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New from Oxford University Press!


Language Planning as a Sociolinguistic Experiment

By: Ernst Jahr

Provides richly detailed insight into the uniqueness of the Norwegian language development. Marks the 200th anniversary of the birth of the Norwegian nation following centuries of Danish rule

New from Cambridge University Press!


Acquiring Phonology: A Cross-Generational Case-Study

By Neil Smith

The study also highlights the constructs of current linguistic theory, arguing for distinctive features and the notion 'onset' and against some of the claims of Optimality Theory and Usage-based accounts.

New from Brill!


Language Production and Interpretation: Linguistics meets Cognition

By Henk Zeevat

The importance of Henk Zeevat's new monograph cannot be overstated. [...] I recommend it to anyone who combines interests in language, logic, and computation [...]. David Beaver, University of Texas at Austin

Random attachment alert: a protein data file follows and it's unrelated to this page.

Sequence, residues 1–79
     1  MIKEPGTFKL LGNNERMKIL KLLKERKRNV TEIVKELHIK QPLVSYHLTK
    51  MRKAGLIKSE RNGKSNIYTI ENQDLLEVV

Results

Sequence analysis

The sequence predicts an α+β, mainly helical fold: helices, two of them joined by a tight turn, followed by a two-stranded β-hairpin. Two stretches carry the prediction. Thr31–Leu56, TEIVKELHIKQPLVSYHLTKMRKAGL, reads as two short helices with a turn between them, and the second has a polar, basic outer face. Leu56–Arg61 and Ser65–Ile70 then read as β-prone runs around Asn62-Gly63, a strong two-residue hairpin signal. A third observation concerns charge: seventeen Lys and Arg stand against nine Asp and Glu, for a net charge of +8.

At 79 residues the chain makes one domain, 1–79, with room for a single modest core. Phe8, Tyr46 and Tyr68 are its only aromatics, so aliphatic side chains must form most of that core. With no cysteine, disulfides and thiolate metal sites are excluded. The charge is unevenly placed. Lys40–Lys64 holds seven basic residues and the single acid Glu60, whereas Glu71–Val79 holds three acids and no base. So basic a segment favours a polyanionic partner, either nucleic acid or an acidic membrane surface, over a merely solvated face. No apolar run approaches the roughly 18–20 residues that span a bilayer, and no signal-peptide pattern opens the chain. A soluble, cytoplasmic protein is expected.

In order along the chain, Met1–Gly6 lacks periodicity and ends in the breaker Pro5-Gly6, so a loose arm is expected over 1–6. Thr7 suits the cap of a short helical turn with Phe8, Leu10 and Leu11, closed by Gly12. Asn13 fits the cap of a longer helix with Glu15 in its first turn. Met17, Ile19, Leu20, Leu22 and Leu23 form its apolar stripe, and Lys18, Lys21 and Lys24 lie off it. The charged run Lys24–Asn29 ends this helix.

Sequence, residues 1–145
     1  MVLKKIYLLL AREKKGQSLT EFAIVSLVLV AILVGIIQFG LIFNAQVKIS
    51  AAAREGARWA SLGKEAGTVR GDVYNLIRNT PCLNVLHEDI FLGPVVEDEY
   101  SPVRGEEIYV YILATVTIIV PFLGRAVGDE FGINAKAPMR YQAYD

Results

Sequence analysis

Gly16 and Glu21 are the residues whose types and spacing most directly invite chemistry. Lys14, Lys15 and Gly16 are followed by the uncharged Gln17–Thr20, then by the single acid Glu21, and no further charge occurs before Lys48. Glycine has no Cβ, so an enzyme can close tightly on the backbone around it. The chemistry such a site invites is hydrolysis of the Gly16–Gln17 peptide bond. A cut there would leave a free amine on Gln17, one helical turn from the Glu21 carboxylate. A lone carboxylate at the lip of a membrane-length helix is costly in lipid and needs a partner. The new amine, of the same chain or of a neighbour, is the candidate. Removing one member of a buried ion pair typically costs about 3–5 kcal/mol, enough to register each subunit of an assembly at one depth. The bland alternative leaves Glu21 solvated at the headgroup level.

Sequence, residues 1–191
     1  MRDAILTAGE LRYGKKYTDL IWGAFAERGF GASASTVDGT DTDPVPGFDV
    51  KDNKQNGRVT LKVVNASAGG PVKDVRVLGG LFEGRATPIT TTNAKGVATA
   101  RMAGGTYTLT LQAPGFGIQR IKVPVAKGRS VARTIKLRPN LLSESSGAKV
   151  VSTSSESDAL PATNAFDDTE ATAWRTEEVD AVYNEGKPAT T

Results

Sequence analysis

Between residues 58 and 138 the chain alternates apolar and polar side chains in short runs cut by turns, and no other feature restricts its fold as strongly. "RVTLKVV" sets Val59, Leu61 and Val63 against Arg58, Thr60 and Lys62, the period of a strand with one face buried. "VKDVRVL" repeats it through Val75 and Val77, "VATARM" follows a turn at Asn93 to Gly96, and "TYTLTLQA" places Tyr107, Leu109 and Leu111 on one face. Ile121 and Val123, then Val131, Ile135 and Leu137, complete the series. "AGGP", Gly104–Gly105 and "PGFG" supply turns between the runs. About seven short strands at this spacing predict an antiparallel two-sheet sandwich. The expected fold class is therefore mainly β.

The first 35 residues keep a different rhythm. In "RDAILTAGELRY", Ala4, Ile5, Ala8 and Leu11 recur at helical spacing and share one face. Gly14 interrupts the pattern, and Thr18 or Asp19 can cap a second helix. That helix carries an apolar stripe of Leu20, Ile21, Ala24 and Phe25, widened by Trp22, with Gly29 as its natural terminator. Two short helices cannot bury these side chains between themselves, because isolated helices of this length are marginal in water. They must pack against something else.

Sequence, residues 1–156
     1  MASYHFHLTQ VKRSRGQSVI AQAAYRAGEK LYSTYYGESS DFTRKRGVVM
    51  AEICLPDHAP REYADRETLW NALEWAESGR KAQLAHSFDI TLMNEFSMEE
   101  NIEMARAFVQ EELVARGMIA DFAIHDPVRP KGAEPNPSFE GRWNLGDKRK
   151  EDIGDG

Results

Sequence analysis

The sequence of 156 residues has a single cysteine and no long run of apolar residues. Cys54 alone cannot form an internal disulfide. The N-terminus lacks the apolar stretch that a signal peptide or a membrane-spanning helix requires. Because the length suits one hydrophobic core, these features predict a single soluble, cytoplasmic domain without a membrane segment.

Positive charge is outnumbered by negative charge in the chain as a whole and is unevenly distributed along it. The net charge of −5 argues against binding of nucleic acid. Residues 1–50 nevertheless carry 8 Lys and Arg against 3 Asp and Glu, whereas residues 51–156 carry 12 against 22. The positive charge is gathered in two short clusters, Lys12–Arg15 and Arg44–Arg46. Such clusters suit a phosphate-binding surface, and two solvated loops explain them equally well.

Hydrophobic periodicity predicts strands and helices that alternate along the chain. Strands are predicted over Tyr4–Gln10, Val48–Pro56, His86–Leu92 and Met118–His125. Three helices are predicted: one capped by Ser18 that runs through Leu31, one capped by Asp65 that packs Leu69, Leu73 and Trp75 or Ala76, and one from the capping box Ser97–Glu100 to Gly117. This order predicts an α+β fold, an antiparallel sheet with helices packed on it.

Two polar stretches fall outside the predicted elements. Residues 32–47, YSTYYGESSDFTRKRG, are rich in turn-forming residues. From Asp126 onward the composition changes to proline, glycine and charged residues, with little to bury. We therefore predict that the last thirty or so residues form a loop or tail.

Query Details

Query Subject:   Speaker/Hearer Related Temporal Expressions
Author:   Bettina Gruber
Submitter Email:  click here to access email

Linguistic LingField(s):  Morphology

Query:   Dear linguists,

It is well know that within the spatial domain many languages have
distinct lexical items to express closeness to the speaker as opposed to
closeness to the hearer.

I am wondering whether there are languages that have similar means
in the temporal domain. For instance, one could imagine a language
having distinct lexical items for the 'now of the speaker' as opposed to
the 'now of the hearer'.

Provided such languages exist, it would be interesting to know whether
these items are morphologically complex, and if so, whether the
individual components exist elsewhere in the grammar (e.g., the
pronominal or temporal domain).

If you know of any such language, I would be very grateful for a short
message with some details.

Best regards,
Bettina Gruber
LL Issue: 23.1391
Date posted: 19-Mar-2012


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